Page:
…We have dreamed the world

It is hazardous to think that a coordination of words (philosophies are nothing else) can have much resemblance to the universe. It is also hazardous to think that one of these famous coordinations does not resemble it a little more than the others, even in an infinitesimal way.

I have examined those that enjoy a certain prestige.  I would even assert that the only one in which I recognize some vestige of the universe is that formulated by Schopenhauer. According to his doctrine, the world is a fabrication of the will. Art – always – requires visible unrealities. Let me cite but one example: the metaphorical or rhythmical or studiedly casual diction of the characters in a play.

Let us admit what all idealists admit: that the nature of the world is hallucinatory. Let us do what no idealist has done: let us look for the unrealities that confirm that nature. We shall find them, I believe, in the antinomies of Kant and in Zeno’s dialectic.

“The greatest sorcerer [writes Novalis memorably] would be the one who bewitched himself to the point of taking his own phantasmagorias for autonomous apparitions. Would this not be true of us?”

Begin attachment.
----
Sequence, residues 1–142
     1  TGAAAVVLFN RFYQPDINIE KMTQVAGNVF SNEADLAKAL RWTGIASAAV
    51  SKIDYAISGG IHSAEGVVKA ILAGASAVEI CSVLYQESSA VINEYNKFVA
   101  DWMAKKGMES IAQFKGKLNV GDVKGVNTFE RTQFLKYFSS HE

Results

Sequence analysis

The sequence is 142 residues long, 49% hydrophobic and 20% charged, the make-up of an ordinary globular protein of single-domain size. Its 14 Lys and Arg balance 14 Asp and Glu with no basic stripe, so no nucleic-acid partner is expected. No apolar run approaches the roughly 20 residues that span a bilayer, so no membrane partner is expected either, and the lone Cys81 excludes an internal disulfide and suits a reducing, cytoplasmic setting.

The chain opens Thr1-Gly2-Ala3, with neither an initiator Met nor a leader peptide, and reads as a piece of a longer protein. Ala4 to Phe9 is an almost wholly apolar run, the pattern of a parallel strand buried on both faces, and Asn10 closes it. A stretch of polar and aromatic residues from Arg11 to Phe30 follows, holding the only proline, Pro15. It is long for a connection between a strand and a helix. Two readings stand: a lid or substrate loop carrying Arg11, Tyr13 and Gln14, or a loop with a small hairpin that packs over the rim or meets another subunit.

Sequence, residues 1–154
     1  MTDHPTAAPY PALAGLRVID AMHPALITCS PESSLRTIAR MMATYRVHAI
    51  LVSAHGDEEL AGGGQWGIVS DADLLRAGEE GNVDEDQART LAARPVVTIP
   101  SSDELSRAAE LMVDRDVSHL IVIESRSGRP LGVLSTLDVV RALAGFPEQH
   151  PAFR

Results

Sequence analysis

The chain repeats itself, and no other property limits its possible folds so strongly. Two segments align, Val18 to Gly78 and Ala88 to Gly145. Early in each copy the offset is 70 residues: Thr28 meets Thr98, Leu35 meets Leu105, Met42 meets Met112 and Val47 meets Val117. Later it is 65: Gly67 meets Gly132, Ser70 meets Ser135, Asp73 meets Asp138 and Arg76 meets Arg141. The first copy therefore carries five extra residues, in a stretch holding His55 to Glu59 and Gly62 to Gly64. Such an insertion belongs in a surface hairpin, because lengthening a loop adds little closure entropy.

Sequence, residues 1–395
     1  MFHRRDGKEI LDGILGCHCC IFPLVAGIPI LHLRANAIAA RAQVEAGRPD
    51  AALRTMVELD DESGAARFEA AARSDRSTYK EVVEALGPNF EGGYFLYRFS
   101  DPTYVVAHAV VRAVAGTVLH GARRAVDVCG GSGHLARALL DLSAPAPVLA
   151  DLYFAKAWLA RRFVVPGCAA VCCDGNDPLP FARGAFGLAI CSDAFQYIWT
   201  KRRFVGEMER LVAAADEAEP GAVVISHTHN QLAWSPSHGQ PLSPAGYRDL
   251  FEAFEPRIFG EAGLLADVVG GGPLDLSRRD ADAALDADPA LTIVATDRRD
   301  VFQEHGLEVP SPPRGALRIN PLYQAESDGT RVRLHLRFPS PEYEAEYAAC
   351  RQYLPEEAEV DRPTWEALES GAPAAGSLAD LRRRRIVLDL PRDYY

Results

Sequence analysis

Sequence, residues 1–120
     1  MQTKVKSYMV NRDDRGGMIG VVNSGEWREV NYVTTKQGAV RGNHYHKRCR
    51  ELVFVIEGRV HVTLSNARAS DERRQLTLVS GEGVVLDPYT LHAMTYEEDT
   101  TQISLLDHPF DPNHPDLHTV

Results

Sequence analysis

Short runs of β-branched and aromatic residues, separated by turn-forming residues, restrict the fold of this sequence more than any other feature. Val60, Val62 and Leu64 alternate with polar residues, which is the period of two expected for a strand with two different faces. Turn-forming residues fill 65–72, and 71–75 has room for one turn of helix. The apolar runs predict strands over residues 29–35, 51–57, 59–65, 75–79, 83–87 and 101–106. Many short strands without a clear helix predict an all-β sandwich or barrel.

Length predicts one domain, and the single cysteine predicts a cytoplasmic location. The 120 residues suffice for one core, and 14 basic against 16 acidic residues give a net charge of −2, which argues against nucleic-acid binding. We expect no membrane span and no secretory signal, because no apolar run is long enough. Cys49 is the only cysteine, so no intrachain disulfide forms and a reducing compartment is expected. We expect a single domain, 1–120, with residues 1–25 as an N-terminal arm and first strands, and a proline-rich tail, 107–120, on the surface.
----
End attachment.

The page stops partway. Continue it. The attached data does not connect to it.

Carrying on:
I believe that it is. We (the undivided divinity that operates within us) have dreamed the world. We have dreamed it strong, mysterious, visible, ubiquitous in space and secure in time; but we have allowed tenuous, eternal interstices of injustice in its structure so we may know that it is false.

Jorge Luis Borges
Avatars of the Tortoise
Other Inquisitions, 1937 – 1952

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About thalassa

Occasionally doting wife, damn proud momma of two adorable children, veteran of the United States Navy, semi-steampunk bohemian beach addict from middle America, Civil War reenactor and Victorian natural history aficionado, canoeing and kayaking and paddleboarding fanatic, Unitarian Universalist and pantheistic Pagan, devotee of various aquatic deities, and practitioner of bioregional witchery View all posts by thalassa

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